The Monday after The Ends photo show, I rallied Lyle and Evan from Mission Workshop and Marc Marino to hit the climb early. It was the first time I had taken the North Gate road and I think we saw three cars total that day, along with only a handful of riders. At the top, “the Devil’s elbow” awaits, a steep ramp up to the ranger station. Once there, we had a Coke, a chat and talked about how we’d head back down. After a roundabout way back to our vehicles, we had totalled around 37 miles and 3,900′ of climbing. Next time I’m taking the trails down!
I have to say, this part of California is very photogenic and these photos came out great. See for yourself in the Gallery.
Tools of the trade:
Yashica T4 / Neopan 400
This is the seventh layout of the 2013 PiNP Calendar, entitled “#SeekTheDevil”. The camera, lens used and location are noted on the bottom left of the document.
Fabled to be the point of creative by local Native American tribes, Mt. Diablo offers the San Francisco Bay Area-riders some much needed elevation to get their blood boiling, literally. This 3,864 feet (1,178 m) mountain is visible from SF, as well as most of northern California and while it’s nothing when compared to the southern California mountain tops, Diablo can deliver some scorching temperatures in the spring and summer months. Try it out on for size next time you’re in SF. #SeekTheDevil.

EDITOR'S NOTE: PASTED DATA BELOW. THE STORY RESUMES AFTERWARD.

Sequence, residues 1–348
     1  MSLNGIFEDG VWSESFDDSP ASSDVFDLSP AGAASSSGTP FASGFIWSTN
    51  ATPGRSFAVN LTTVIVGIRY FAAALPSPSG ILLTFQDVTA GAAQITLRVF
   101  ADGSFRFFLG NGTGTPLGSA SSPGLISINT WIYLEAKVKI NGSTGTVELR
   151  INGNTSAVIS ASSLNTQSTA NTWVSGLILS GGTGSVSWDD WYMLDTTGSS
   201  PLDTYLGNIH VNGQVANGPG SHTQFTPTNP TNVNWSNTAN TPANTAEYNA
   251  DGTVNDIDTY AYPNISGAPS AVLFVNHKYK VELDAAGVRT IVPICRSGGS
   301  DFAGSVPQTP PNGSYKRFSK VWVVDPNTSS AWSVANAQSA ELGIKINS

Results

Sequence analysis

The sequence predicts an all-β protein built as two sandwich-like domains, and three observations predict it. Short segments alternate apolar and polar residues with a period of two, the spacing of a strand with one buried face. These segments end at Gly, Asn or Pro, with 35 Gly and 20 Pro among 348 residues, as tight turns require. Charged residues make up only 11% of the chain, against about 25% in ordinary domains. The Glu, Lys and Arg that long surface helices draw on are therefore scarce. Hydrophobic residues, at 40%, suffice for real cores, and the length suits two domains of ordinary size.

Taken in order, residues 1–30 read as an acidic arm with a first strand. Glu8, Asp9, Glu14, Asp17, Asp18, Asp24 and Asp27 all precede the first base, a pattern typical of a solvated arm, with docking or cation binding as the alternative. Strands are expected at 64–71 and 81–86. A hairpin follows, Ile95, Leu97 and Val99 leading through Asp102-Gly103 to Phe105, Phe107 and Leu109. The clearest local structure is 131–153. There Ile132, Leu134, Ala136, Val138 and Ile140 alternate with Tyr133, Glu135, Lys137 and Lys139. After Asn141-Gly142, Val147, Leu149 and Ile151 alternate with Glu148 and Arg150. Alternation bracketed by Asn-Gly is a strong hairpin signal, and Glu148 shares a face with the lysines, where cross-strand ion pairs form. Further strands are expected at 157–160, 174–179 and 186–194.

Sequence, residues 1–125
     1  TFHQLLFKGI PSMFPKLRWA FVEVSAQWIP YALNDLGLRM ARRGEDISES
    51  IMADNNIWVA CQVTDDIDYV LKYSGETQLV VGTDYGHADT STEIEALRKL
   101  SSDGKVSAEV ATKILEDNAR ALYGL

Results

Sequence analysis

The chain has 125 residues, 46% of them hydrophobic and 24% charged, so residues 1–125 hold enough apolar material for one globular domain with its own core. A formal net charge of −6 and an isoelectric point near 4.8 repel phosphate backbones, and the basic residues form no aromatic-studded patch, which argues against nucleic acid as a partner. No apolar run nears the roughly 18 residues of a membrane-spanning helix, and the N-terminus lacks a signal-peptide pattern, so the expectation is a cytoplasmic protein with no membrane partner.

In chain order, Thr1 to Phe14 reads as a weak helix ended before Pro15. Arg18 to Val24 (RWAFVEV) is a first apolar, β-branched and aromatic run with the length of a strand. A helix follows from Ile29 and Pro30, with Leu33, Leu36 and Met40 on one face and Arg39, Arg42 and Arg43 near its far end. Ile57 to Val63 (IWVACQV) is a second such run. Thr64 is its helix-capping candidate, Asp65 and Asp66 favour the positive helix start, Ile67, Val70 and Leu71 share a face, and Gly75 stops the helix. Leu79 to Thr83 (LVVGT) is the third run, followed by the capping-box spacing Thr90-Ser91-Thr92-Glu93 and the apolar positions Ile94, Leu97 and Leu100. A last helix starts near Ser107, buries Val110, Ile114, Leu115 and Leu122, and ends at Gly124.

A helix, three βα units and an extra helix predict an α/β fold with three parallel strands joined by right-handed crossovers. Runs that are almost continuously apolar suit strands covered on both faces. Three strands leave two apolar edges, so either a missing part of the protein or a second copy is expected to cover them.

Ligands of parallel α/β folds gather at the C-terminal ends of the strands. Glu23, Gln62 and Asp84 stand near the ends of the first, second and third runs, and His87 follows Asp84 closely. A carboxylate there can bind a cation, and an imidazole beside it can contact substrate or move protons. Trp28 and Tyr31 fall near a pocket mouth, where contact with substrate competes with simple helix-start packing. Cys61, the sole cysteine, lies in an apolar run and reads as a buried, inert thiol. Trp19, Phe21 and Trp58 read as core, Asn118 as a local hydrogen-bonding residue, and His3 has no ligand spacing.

Right Click and Save Link As – 2013 PiNP Calendar: July
You’ve been waiting for the chance to ride. Get out there this weekend…
It’s the sort of tale that is the segue into a horror movie. A few mates take to the ‘Strayan wood to celebrate one of them turning forty years young. They don’t have a support car, one (ok two) of them has a camera and all hell breaks loose. Right? Well, not hardly. No hell broke loose, no hillbillies made us squeal like pigs and no thirty foot crock ate our tour guide.
In fact, we all made it out unscathed, including my film…
Tools of the trade:
Fuji Neopan 400